[Haskell-cafe] What's in a name?

Robert Greayer robgreayer at yahoo.com
Fri Aug 15 22:18:39 EDT 2008

--- On Sat, 8/16/08, wren ng thornton <wren at freegeek.org> wrote:
> Personally, I have major qualms with the Java package
> naming scheme. In 
> particular, using domain names sets the barrier to entry
> much too high 
> for casual developers (e.g. most of the Haskell user base).
> Yes, DNs are 
> cheap and plentiful, but this basically requires a lifetime
> lease of the 
> DN in question and the migration path is covered in
> brambles. The 
> alternative is simply to lie and make up a DN, in which
> case this 
> degenerates into the exact same resource quandary as doing
> nothing (but 
> with high overhead in guilt or registration paperwork).

This does sound in theory like a real problem; the actual practice has worked out much differently for Java: the existence of durable domains willing to host development of small libraries for the Java space are plentiful.  In other words, the barrier to entry has turned out to be quite low.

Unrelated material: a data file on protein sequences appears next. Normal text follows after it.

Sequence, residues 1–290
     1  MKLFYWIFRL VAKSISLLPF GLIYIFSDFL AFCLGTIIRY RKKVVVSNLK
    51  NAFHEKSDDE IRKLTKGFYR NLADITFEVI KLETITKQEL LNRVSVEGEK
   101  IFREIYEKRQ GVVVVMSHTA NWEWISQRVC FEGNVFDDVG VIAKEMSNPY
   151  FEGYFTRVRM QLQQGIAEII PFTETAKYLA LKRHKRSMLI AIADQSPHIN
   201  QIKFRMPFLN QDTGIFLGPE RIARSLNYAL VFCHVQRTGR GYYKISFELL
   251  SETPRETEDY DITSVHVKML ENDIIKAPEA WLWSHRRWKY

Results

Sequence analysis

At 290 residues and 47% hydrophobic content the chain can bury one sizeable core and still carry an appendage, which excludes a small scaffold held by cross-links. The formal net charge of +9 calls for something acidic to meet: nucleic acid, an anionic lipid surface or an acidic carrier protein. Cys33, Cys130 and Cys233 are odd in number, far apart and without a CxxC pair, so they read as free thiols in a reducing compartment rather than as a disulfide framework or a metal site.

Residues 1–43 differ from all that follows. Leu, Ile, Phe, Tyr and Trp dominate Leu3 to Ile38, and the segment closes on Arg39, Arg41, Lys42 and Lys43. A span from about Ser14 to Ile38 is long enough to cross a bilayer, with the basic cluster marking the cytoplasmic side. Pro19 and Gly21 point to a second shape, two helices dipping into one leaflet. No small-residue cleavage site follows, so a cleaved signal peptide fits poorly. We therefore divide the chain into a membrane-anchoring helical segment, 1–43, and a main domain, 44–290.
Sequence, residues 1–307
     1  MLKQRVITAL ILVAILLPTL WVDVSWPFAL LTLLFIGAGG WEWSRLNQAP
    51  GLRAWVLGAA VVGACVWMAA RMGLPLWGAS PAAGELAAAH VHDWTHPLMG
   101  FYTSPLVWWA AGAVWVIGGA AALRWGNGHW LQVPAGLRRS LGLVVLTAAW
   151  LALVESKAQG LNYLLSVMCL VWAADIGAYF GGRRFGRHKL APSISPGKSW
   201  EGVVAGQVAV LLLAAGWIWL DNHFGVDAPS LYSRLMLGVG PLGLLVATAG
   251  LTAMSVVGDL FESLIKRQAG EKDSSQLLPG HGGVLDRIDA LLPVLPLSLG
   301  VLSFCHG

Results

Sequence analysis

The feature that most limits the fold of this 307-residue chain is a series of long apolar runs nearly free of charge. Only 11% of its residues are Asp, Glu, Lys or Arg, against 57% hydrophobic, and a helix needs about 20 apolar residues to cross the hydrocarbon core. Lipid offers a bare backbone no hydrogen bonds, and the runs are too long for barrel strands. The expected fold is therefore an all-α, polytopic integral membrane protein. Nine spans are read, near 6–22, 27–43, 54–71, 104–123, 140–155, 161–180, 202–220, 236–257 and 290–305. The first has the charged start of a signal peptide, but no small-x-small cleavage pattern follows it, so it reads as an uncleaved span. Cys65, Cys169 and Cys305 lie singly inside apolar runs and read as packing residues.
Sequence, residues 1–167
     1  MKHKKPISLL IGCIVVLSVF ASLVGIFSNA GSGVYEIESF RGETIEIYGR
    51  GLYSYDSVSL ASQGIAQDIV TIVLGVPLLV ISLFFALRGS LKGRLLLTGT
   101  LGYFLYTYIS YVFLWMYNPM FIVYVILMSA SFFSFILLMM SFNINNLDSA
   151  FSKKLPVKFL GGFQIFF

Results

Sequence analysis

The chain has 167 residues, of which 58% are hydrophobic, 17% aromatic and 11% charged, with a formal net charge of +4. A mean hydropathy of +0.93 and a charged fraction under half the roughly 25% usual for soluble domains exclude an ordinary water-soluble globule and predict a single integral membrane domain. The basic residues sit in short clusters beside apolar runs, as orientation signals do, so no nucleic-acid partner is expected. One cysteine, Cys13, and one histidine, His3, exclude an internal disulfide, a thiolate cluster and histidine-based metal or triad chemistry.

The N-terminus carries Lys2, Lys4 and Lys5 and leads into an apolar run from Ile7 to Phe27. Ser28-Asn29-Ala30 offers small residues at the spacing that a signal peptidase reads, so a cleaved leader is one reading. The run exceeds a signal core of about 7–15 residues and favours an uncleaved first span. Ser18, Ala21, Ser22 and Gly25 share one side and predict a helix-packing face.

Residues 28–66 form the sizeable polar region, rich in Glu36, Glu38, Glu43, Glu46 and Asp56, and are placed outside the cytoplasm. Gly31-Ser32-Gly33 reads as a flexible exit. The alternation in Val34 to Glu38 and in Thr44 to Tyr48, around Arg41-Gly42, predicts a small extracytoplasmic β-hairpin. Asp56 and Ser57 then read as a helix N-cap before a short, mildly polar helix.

Nevertheless, hackage of course provides an even cheaper alternative to DN-based naming, since package names registered on hackage are guaranteed unique (across the hackage-using community).  The ubiquitous convention for Haskell could easily be that if you want your library to interoperate without conflict, register it on hackage (otherwise you take your chances, just as in Java if you ignore the DN-based convention).  Having the ability to use package names to avoid module-name conflicts (i.e. an agile packaging system, in your words) would still be needed.

The need to *recompile* to avoid conflicts is a problem though, if haskell aspires to attract commercial package vendors.  I don't know how it could be avoided though.



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